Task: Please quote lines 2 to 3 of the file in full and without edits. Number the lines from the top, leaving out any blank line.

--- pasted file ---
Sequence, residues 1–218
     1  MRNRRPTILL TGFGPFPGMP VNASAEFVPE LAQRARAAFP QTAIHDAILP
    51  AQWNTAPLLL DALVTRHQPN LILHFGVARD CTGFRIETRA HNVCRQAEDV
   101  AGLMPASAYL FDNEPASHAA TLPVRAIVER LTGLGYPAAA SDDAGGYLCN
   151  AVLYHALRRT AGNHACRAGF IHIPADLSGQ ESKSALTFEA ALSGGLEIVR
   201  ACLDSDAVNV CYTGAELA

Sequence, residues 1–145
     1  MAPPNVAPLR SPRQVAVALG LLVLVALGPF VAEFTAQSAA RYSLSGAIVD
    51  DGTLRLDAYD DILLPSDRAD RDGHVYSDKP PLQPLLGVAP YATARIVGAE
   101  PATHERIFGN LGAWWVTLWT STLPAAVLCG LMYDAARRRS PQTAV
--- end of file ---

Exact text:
     1  MRNRRPTILL TGFGPFPGMP VNASAEFVPE LAQRARAAFP QTAIHDAILP
    51  AQWNTAPLLL DALVTRHQPN LILHFGVARD CTGFRIETRA HNVCRQAEDV